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Typical Day

"Hey Dexter! Got a killer day ahead. Yee-haw, dude!"

Oh no, not again. Mortimer "Mort" DeBeaunyard pointedly ignores his police department colleague, Officer Gene Poole. Mort sinks lower in his chair, squinting at the latest Excel spreadsheet on blood types and splatter patterns at various crime scenes around town.

Mort and Gene are both stuck in the medical examiner's office for the day. It's 9:00AM. They'll both knock off work at 5:00PM, but that seems like forever away to Mort. He fantasizes briefly about Gene being stretched out on the autopsy table instead of this poor slob in the crime scene photo who looks like he's been bludgeoned to death.

"Dexter?" Gene continues. "Get it, Mort? Like Dexter from TV? Get it?"

Mort sighs. If he hears one more joke about Dexter, TV's favorite serial killer and crime scene blood pattern analyst, then maybe Mort will explode in a violent rage after all.

If his neighbors had it their way, Mort would be the next person on the autopsy table—his oboe inserted somewhere it shouldn't be. (Source)

Okay, so, fine, Mort had majored in hematology, and he and Dexter both specialize in blood analysis. But they don't share a name. And while Mort's a forensic scientist, he does do other things, too. Like DNA analysis. Toxicology. Hey, he even does fiber analysis. Does Dexter do that? No. Dexter kills in his spare time. Mort plays the oboe.

Not that Mort has lots of spare time, he reminds himself. Oops. Mort looks at his watch. It's 10:00AM. Time to say bye-bye to the spreadsheets; it's off to the "autopsy atrium"—Mort likes to make up funny names for unfunny things—to assess the daily parade of "horribles" (that's "corpses" to everyone else).

The fifth-floor atrium houses a faint odor of decay. Mort sees five corpses stretched out on tables. They're all victims of violent crimes, and it's "get acquainted time" for Mort and the stiffs. A clerk reads out the history of each corpse to the assembled multitude: pathologist, forensic scientists (like Mort), and a couple of cops (like Gene—yuck).

"Eighty-six-year-old woman found hanging from the rafters in attic. We think she's been dead for three days. Putrefaction has set in. Rope burns on her neck..."

Mort almost dozes off as the clerk drones on and on about things like gunshot wounds, drug overdoses, knife wounds, and blood splatters. Mort might be jaded, but at least he's not as bad as the pathologist on duty now, Dr. Frank N. Furter, who he can see blithely poking the corpse without wearing protective gloves.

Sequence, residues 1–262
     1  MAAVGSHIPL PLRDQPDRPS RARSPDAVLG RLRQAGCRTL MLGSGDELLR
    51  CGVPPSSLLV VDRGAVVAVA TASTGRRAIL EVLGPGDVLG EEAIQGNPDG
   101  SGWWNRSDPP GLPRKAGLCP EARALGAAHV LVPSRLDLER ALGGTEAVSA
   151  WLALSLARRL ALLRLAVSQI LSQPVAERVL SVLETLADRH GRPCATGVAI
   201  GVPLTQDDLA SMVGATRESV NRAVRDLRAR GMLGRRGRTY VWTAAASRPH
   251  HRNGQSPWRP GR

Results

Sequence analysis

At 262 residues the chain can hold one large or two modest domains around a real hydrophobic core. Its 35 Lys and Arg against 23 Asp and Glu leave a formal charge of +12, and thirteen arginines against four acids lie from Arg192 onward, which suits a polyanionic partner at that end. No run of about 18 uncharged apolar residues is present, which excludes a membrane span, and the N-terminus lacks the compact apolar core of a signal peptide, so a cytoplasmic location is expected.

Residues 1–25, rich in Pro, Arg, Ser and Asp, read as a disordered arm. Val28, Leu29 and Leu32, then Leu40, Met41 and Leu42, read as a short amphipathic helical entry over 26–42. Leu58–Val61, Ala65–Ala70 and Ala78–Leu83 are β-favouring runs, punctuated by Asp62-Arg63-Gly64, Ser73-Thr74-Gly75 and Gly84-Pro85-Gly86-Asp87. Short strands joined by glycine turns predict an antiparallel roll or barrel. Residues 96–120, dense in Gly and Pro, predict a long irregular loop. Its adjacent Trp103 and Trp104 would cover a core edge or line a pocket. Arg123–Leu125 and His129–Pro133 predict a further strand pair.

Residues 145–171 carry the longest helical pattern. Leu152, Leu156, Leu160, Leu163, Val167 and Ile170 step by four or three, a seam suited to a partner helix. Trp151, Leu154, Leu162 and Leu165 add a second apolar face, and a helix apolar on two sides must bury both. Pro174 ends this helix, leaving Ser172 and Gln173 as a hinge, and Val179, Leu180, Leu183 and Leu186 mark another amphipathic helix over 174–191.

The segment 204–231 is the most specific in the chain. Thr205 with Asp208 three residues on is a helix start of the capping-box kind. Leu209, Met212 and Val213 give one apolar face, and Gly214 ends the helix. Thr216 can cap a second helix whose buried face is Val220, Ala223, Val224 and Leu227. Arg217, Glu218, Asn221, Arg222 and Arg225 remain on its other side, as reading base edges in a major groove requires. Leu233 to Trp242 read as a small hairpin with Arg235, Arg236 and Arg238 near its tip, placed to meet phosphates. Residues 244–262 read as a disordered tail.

Mort gets the gunshot victim to work on. "Thanks, Dr. Furter," Mort says to himself. There isn't much left of the gunshot victim's head—this is a fifty-year-old man who weighs around 300 pounds. First order of business: swab the hands for gunshot residue. Next, Mort takes hair samples, something he always does in the case of suspected homicides. He sends the swabs and hair off to the lab for tests.

Next, Mort checks the victim's clothes for any holes that look like bullet holes. Mort sniffs in disdain. This dude is wearing a powder-blue leisure suit, slightly tattered, 1979 style. He fingers the shoulder pads and finds a couple of holes. He looks closer. 

Naw, not bullet holes, just regular holes. This guy really needed new clothes. Mort cuts a square of the bloody jacket off and puts it in a plastic bag. This is for those snooty attorneys who might one day ask if the blood on the jacket is really the victim's.

The machines down there are always the best stocked. For some reason, very few people want their lunch from the "dead bodies room." Go figure. (Source)

Mort checks his watch again—time flies when you're working the corpse detail. It's already 2:00PM. Time for lunch. Mort grabs a bite from the vending machine right next to the autopsy room, and heads off to the lab. Lots of blood samples to test, so little time.

Mort grabs test tubes from the autopsies and puts drops of blood on a sterile cloth that'll be frozen and stored for future DNA testing. Then it's on to the next thing: gunshot residue swabs. Mort checks them for barium and antimony, stuff that's used in primer.

Mort grimaces. Everything's coming up inconclusive today. It's just one of those days.

Mort thinks he'll have to take a trip to a crime scene to get a closer look at the blood spatter pattern. Gunshot from behind? In front? Two shooters? Three? None? ("Just a nosebleed?—no just kidding," Mort says to himself.)

"Hey, Dexter!"

Oh no. It's Gene. Mort's blood pressure rises.

"Dex, way to go buddy. The results just came back from those tests you ran on hair fibers in the double-murder case. We got the perp—some astro-devil worshiper who slices and dices old ladies. You nailed it. Thanks, Dex."

Mort beams in spite of himself. He'll overlook the "Dexter" stuff for now. He'll forget about the long days and the often-creepy evidence he has to analyze. He forgets the crusty month-old underwear, nail clippings, and blood-caked hair waiting for him in his lab. He's one of the good guys. He helps bring the bad guys to justice.

He really loves this job.